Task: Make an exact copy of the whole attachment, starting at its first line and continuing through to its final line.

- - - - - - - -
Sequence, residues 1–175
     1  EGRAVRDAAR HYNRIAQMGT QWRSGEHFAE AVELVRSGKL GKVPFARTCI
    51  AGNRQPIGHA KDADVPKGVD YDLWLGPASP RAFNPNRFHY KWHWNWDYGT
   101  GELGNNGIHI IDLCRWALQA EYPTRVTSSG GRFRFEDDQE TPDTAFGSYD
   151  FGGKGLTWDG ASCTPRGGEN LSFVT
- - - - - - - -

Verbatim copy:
Sequence, residues 1–175
     1  EGRAVRDAAR HYNRIAQMGT QWRSGEHFAE AVELVRSGKL GKVPFARTCI
    51  AGNRQPIGHA KDADVPKGVD YDLWLGPASP RAFNPNRFHY KWHWNWDYGT
   101  GELGNNGIHI IDLCRWALQA EYPTRVTSSG GRFRFEDDQE TPDTAFGSYD
   151  FGGKGLTWDG ASCTPRGGEN LSFVT